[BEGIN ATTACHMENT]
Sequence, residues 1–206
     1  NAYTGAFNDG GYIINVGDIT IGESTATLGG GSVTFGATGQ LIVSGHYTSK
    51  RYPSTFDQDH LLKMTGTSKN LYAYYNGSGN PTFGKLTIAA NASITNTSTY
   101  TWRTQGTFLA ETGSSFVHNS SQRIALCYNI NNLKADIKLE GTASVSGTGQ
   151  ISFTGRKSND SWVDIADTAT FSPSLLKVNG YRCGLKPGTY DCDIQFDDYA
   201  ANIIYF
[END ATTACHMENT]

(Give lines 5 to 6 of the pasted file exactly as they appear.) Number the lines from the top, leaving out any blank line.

   151  ISFTGRKSND SWVDIADTAT FSPSLLKVNG YRCGLKPGTY DCDIQFDDYA
   201  ANIIYF